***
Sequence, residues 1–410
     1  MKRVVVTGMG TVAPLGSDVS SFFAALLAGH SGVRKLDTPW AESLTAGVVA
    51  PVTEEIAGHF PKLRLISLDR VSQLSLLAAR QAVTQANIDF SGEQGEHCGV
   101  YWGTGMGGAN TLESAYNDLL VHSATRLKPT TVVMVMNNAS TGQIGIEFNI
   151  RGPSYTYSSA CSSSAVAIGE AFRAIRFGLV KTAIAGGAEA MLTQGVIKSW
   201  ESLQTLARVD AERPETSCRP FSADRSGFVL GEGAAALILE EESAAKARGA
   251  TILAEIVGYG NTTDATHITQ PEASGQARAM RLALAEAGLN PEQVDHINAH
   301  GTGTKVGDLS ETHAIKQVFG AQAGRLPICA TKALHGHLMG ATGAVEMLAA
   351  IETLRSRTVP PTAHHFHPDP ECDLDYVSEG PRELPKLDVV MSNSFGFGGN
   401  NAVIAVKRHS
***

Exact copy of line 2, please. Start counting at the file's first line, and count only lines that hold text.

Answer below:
     1  MKRVVVTGMG TVAPLGSDVS SFFAALLAGH SGVRKLDTPW AESLTAGVVA